Two years ago I devoted this column to the problems of casino
gambling. Before that column was published, and since, I have spoken on
television, radio, and at local meetings about casino gambling. Back in
the 1970s, I was involved at the State level in discussions on the same
I have highlighted the dire consequences of casino gambling
in many parts of our country: dramatic rises in street crime,
prostitution, rapes, robberies, murder, car thefts. The specter of
organized crime lurks in the shadows.
We have been reading the
studies: 5 to 8 percent of people who play games of chance become
compulsive gamblers, with another 15 to 20 percent gambling beyond a
normal degree. More than half of compulsive gamblers rely on illegal
means to support their habit.
We can affirm now with even stronger
conviction that casino gambling is a pernicious cancer. Once a
community contracts it, or makes a compact with it, it grows, and grows,
and grows. And the pathology of addiction grows with it. Look around
us: lotteries multiplying across the state, video lottery terminals
(slot machines) metastasizing around us, one casino site established and
threatening to be cloned into two others in the near future.
1995 survey by the Gaming Research Group found that United States adults
who have a casino in or near their communities are more than twice as
likely to gamble at a casino as are those who live at least 100 miles
The Seneca Niagara Casino in Niagara Falls has been
operating now for seven months. Already we hear that heavy percentages
of its patrons are coming from our local area. Now people speak of a
casino in Cheektowaga or Buffalo! In Western New York we like to talk
about how many places we can reach in 15 minutes! Why does a gambling
casino have to be one of them?
Casinos are predatory. They prey on
the poor, the elderly, the young, and on people of all ages who are
vulnerable to addictive behavior. Many have called casinos a special tax
on the poor. Their claims have merit when statistics consistently show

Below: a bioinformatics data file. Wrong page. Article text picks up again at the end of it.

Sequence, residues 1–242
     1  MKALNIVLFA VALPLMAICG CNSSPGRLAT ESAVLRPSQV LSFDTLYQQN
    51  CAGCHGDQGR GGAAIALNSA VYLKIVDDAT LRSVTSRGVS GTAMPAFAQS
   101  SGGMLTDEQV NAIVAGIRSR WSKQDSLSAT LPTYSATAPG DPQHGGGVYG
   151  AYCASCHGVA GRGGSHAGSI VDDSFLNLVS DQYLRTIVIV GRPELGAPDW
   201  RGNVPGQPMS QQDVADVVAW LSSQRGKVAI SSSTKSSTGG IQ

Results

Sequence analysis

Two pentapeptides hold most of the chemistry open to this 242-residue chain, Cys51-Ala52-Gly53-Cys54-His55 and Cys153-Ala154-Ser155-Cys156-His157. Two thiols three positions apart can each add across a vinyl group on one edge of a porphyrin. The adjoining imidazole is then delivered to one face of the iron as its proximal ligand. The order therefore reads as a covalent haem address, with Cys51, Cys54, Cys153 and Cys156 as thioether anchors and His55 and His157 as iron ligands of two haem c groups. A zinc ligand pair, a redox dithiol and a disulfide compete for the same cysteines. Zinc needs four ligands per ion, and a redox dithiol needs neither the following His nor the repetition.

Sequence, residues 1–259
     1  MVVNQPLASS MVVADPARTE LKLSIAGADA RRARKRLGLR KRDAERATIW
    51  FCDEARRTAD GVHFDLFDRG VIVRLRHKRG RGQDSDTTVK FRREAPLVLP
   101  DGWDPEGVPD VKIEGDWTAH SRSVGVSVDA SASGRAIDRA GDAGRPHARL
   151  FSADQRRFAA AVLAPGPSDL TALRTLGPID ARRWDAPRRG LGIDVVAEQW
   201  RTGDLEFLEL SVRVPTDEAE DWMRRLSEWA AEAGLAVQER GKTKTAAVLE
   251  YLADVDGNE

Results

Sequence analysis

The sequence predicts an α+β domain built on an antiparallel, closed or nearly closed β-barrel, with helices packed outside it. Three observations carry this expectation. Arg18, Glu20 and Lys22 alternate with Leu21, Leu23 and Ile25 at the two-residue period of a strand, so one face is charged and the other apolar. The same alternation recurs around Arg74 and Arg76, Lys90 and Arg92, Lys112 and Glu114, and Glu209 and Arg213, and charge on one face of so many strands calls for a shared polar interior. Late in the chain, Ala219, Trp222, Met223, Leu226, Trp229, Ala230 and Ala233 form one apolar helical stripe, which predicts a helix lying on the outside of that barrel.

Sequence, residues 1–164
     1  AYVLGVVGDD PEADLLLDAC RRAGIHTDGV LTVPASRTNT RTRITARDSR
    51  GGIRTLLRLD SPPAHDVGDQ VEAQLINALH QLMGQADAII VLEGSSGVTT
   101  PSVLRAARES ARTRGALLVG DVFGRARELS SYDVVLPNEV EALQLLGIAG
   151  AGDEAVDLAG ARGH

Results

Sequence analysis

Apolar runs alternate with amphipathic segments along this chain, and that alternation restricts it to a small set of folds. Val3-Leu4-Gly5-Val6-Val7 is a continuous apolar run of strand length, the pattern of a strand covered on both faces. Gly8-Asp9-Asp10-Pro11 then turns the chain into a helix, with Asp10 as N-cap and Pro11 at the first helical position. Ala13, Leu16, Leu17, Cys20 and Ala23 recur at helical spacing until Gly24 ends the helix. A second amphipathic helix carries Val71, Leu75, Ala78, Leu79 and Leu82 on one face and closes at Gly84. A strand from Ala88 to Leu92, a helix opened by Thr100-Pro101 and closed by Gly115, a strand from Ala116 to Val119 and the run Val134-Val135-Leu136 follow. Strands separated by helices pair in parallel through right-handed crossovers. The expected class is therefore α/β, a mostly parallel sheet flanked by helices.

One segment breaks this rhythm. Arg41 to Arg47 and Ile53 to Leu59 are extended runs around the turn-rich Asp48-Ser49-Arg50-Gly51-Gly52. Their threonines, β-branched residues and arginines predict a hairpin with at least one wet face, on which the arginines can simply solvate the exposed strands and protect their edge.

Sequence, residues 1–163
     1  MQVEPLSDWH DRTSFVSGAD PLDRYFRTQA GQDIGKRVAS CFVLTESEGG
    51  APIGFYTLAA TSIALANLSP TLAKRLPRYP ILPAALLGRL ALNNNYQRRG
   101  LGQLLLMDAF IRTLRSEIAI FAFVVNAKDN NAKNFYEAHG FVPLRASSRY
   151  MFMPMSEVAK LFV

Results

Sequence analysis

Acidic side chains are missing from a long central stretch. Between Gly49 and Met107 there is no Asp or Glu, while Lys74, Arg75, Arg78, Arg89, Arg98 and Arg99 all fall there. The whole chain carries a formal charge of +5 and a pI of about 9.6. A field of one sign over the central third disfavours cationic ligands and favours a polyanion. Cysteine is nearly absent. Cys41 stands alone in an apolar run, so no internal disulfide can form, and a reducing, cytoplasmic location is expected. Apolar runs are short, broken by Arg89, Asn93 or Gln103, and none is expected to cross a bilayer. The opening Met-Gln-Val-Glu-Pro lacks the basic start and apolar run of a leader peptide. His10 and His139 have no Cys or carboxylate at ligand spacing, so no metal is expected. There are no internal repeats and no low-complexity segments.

that the poor spend a higher percentage of their income on gambling than
any other economic group.
For many years we have been reading the
stories of older people losing their retirement nest eggs and their
homes through casino gambling. We don't have to go to the media for
those accounts now. We know the victims of that terrible destruction in
our own communities and neighborhoods. What we may not fully appreciate
is the quiet horror these people face every day. Families break down,
jobs are lost, businesses go bankrupt. Temptation grows stronger for
corruption to eat away at government. The pathology spreads.
all know the need for economic development in Western New York. We are
only too aware of the need for better paying jobs. Western New York has
been built over the generations by hard work, a renowned work ethic, and
a spirit of generous self-sacrifice. Quick fixes, easy solutions, and
shortcuts rarely work.
Why have not the customary legislative
procedures been followed in regard to casino gambling in New York State?
To legalize casino gambling in New York State as such requires the vote
of two successive State legislatures and a referendum across the State.
Polls show that people are more than apprehensive regarding the
consequences of legalized casino gambling.
The strategy has been
to circumvent these requests. The plan has been to enter into compacts
with Indian natives to put casinos on their lands or on properties which
can be turned over to them. Do the people of Erie County really want a
casino in the county?
It is a matter of spirit. Civilization
enjoys its finest hours defending, nurturing, and supporting the weakest
and most vulnerable among us, not preying on them.
Most Rev. Henry J. Mansell
Bishop of Buffalo
July 25, 2003